Sigmund Freud is known as the father of psychoanalysis and has been noted for his concepts on the unconscious mind, the Oedipus complex and dream interpretations. Freud attempted to provide a better understanding of religion and spirituality and in his efforts generated a number of books the described these concepts. Among these were Totem and Taboo (1913), The Future of an Illusion (1927), Civilization and Its Discontents (1930) and Moses and Monotheism (1938). According to Freud, religion is a manifestation of psychological neuroses and pain.
In several occasions in his books, he implied that religion was an action that was aimed towards restraining the Oedipus complex. It thus provides a way of providing organization within the society and a technique for achieving an individual’s biological and psychological goals. Religion is merely a childish behavior of regulating one’s environment and world (Freud, 1927). Freud promoted his concept that religion was an issue that each individual had to conquer because religion imposed a strong and enduring influence on an individual’s identity.
Religion is thus a long-lasting version of neurosis because it lasts for an entire lifetime, while neurosis is only temporary, that usually occurs during an individual’s transition from childhood to adulthood (Freud, 1939). His concept of religion was mostly based on his Jewish heritage and the negative treatment that he experienced during his younger years. Freud himself classifies himself as an atheist. He thus describes religion as an illusion that is resilient enough to endure throughout an individual’s lifetime because it feeds a person’s instincts and desires (Freud, 1933).
In his analysis and condemnation of religion, Freud has expressed that religion is harsh because those individuals who do not belong to the same religion are ostracized (Freud, 1927). Such assessment thus contradicts what religious followers believe in, and that is religion itself is love. On the other hand, Freud explains that since religions are associated with long histories, it is only right that society respects these but not to be used as a basis for our current civilization.
Religions should therefore be regarded as historical residues as well as neurotic relics that technically substitute the consequences of repression and the activities of the mind (Freud, 1930). Religion was thus treated by Freud as an infantile concept that was totally unrelated to reality and that it is excruciating to observe that most of the members of society have never been able to live beyond this level of intellect.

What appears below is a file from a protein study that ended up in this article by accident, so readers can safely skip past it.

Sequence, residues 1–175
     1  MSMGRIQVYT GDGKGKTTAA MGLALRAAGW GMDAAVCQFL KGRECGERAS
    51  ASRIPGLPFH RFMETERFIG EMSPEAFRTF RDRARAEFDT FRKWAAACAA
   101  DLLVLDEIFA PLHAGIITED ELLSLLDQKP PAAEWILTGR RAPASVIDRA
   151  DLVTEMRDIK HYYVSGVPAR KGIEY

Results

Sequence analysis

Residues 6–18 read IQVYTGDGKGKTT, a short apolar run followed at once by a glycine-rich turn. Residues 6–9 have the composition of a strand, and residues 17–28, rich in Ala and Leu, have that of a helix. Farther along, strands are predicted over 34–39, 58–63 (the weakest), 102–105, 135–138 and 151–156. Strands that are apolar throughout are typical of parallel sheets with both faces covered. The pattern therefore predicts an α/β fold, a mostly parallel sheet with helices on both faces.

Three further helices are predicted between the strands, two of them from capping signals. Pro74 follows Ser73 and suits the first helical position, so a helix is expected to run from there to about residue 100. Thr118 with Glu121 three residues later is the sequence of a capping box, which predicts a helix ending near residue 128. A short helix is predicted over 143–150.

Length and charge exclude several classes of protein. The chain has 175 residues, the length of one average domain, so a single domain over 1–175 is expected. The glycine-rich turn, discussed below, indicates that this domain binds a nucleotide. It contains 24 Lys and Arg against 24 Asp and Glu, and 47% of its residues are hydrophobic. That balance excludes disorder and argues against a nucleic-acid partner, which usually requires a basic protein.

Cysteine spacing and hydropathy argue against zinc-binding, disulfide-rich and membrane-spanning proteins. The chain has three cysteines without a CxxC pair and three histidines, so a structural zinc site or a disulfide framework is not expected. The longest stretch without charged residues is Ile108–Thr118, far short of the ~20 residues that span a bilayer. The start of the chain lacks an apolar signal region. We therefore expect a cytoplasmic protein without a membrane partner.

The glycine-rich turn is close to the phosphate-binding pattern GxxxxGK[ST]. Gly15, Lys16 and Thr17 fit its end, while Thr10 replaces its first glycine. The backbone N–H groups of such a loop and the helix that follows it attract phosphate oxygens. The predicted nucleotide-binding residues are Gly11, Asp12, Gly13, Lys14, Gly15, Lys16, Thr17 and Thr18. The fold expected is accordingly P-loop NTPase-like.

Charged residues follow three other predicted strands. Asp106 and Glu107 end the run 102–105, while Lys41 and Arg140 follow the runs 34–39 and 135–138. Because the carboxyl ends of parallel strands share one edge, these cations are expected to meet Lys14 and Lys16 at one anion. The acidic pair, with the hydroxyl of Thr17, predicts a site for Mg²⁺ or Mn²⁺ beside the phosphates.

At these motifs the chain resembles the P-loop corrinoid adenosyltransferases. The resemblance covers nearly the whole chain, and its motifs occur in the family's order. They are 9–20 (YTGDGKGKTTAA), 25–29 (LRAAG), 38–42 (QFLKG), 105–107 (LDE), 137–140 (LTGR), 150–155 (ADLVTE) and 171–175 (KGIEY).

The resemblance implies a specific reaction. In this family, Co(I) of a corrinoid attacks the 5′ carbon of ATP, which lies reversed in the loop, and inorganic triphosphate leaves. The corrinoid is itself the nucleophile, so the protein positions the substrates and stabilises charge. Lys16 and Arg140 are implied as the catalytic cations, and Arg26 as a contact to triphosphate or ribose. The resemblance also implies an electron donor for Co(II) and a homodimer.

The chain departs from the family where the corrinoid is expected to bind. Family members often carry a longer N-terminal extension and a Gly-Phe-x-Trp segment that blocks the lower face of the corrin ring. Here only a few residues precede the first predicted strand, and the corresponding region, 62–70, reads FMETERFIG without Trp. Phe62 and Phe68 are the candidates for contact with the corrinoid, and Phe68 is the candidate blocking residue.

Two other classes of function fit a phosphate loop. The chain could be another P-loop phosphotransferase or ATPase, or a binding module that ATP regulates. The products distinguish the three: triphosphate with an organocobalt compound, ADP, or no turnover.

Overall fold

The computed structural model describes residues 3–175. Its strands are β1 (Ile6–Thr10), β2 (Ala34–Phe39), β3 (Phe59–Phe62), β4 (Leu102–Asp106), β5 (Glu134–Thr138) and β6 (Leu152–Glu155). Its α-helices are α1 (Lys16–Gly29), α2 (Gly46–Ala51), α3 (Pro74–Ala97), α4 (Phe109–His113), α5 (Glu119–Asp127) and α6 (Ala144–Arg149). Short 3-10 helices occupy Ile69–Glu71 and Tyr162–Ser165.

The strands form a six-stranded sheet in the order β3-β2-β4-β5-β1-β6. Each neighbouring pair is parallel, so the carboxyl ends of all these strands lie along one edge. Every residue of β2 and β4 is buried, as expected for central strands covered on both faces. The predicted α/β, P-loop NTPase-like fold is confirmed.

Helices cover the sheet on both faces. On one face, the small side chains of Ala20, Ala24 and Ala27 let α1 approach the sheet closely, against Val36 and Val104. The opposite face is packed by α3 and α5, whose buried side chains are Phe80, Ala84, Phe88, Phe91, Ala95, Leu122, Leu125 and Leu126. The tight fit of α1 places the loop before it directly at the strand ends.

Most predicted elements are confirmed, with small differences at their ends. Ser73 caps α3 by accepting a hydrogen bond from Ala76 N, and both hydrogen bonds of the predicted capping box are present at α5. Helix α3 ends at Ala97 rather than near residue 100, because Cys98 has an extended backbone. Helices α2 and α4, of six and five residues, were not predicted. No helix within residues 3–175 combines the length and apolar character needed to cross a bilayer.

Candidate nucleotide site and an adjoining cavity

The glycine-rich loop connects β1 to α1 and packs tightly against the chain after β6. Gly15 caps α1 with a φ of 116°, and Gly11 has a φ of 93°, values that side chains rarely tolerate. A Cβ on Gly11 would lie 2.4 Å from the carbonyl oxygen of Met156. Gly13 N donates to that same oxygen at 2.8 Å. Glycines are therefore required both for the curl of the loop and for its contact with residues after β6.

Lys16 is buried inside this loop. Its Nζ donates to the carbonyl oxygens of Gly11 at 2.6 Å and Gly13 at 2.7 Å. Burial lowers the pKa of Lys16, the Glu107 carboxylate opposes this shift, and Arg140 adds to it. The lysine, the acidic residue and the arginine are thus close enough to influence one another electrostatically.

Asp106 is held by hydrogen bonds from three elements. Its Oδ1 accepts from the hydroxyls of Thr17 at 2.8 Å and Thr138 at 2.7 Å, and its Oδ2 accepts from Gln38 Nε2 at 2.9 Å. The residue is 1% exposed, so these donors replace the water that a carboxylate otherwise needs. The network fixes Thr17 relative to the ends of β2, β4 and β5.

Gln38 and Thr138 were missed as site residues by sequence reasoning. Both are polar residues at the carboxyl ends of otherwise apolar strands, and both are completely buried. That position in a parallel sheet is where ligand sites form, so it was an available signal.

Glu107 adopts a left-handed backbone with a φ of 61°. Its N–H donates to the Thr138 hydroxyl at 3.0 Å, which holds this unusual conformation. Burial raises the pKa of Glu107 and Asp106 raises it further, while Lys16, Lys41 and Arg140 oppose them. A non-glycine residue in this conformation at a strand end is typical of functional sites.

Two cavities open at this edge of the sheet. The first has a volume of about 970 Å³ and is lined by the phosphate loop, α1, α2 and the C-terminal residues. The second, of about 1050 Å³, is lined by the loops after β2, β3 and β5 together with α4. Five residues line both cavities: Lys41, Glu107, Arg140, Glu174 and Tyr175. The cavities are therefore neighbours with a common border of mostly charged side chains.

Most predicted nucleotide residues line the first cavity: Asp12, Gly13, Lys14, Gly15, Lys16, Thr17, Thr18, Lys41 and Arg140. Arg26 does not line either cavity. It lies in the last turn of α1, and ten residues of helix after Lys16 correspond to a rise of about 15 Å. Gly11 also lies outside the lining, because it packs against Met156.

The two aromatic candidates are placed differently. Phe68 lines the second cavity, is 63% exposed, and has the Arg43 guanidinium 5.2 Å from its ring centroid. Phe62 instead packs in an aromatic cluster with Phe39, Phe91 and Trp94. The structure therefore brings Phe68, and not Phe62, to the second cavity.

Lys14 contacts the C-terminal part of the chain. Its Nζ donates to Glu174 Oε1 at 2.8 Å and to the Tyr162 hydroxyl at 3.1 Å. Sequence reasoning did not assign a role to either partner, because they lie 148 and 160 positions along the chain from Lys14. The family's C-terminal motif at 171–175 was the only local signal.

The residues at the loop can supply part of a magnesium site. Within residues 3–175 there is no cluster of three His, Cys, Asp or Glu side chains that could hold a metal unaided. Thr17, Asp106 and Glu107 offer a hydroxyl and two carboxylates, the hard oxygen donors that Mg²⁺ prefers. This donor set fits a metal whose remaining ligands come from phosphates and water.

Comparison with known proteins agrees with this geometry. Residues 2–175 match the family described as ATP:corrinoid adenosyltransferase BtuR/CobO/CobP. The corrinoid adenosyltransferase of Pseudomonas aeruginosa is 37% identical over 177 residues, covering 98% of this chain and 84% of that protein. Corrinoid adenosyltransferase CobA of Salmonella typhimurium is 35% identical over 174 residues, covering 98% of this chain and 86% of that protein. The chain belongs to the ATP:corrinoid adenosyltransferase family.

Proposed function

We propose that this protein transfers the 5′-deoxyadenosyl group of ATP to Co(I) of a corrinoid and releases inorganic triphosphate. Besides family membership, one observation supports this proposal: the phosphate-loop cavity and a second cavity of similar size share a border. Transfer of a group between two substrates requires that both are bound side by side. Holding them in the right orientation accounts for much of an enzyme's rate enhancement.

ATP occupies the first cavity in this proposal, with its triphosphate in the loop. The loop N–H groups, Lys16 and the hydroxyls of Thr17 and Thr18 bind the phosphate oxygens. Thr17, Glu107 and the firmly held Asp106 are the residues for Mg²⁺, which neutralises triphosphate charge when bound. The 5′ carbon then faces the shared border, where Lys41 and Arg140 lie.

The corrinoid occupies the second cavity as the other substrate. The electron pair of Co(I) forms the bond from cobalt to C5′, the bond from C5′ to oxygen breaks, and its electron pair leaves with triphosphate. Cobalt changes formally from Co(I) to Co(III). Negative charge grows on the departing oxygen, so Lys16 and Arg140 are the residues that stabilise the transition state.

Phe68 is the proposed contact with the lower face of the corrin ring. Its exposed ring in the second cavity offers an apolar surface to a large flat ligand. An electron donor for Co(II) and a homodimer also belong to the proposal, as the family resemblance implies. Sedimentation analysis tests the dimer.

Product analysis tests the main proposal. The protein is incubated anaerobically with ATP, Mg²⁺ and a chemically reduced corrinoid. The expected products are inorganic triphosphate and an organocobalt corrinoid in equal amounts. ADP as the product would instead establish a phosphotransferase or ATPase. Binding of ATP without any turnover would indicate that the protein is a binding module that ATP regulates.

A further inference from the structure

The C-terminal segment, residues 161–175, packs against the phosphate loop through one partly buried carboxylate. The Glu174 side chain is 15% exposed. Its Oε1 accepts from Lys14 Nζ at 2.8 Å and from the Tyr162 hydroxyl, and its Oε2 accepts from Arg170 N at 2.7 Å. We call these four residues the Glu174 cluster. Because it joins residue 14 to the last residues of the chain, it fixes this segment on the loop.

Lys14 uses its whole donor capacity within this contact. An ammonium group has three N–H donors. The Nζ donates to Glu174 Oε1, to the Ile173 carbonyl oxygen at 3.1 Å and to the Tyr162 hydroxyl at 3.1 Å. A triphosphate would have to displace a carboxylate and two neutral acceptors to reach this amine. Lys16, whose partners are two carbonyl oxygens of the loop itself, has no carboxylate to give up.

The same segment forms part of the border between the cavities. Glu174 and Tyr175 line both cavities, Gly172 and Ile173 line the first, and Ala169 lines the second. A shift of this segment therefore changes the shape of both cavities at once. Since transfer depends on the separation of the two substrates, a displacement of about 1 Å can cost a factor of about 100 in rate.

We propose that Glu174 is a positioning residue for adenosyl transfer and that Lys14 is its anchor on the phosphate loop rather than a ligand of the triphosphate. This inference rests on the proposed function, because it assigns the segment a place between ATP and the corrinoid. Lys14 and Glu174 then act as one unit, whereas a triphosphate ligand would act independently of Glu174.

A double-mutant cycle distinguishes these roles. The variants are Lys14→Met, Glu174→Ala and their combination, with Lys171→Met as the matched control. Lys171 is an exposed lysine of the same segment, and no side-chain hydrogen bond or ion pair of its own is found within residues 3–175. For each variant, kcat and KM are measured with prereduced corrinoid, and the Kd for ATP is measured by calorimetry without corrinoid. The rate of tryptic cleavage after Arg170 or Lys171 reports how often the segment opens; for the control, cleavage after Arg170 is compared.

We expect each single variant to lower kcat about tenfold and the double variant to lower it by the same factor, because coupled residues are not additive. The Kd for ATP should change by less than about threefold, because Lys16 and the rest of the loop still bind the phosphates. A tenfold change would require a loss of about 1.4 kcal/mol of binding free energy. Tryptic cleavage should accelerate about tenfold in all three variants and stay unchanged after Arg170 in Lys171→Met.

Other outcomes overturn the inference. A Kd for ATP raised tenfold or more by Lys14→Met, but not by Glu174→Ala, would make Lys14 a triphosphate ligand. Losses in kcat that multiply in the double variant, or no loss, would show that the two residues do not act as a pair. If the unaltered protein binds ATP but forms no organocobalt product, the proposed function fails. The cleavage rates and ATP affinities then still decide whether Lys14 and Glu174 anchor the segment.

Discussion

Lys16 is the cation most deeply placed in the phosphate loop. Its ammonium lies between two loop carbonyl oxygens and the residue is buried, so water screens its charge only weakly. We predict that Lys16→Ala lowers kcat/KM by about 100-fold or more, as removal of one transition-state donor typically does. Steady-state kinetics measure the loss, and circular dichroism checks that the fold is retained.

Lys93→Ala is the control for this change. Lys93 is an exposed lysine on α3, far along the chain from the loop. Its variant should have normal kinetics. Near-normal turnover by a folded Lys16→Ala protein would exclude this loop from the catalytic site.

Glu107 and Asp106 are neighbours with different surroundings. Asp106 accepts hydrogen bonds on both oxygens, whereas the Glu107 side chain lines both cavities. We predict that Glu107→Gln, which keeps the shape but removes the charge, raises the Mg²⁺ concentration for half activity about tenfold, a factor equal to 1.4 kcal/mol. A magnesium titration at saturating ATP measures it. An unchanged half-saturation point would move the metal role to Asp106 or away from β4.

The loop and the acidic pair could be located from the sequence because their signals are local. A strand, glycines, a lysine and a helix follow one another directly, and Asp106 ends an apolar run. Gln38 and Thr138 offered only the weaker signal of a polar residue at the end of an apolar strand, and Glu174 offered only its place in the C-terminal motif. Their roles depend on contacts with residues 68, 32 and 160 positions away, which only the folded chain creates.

In addition, Freud expresses that it is even more embarrassing to know that the significant majority of society is not even aware that religion is unreasonable and still society will make great efforts to defend every point and issue that is associated to his specific religion. He observed that religions have been designed to make use of the concept of guilt and that this concept is so influential because it can be employed in manipulating society.
Freud expressed that the main issues that were being taught by religions such as guilt were actually contradictory to what these religions claim to do, and that is to save mankind from that particular sense of culpability, which is better and simpler known as sin. In Freud’s books Totem and Taboo (1913) and Moses and Monotheism (1938), he explains the relation of psychoanalytic anthropology to religion, wherein both concepts are disorderly explorations of the mind. He includes some issues that were presented by Charles Darwin on human evolution, as well as those concepts of change through time based on Lamarck.
Freud generalized that religions were remnant of human primal behavior that have been carried through towards the current civilization. In these books, he also discussed that the concepts taught by religions resulted in the Oedipus complex and the leadership phenomenon that is now still observed in society. He is amazed at how followers treat their leader as well as how a leader feels when he is aware that there were a significant number of individuals that want to abide by his rules and teachings.
There was great reaction and uproar from the Jews and Christians towards the Freud’s opposition to the concept of religion. One of the most exasperating comments that was expressed by Freud that strongly affected Jews was about his suggestion that Moses was murdered based on the primal murder instincts of his fellow Hebrew followers. The Christians, on the other hand, greatly reacted to Freud’s comment regarding the sacrifice of the life of Jesus to save humankind. Freud was questioning the validity of Jesus surrendering himself in order to take away the guilt of all the sinners of this world.
He attempted to provide an explanation that only an individual who was himself a sinner could redeem the rest of the members of this group from further persecution, and based on historical facts, Jesus was not a sinner and was actually a good man, hence the concept of giving up his life for the sake of the rest of his followers was not equivalent to any goal. On another light, Mircea Eliade was a historian of religion and philosopher who was recognized for his exemplary interpretation of religious paradigms.
He coined the concept of hierophanies, which served as the foundation of religions. Hierophanies separated reality based on human experience into two parts, one was sacred and the other part was profane (Allen, 2002). Eliade’s major input to religious studies was the Eternal Return Theory, which explains that myths and rituals not only venerates hierophanies but actually contributes to religions. In academic institutions, the theory of Eternal Return is considered to be the most acknowledged concepts in the understanding of myths and rituals.
Eliade’s concept of myth is actually based on the concept of traditional tales that have been considered extraordinary because these have been differentiated from the regular worldly stories of day to day lives. Hence, Eliade’s concept of myth is based on truth and reality and it is generally distinct from the concept of fables. Through the fact that myths contain the truth of any matter, the myth therefore turns out to be a hierophany which exposes the real and the sacred to whoever listens to these myths.
It is thus conclusive to consider that a myth is a sacred story because it depicts the true history of reality. Eliade’s concept of reality is based of the narration of the truth, which is observed in the dissemination of a myth. Reality thus presents a clear relevance to any essential part of life and this can be separated from simple entertainment. Common human familiarity serves as a key component of reality that is further given esteem by incorporating philosophical ideas to generate a modified emotional reaction to human events. Thus, Eliade stated that myths are realities par excellence.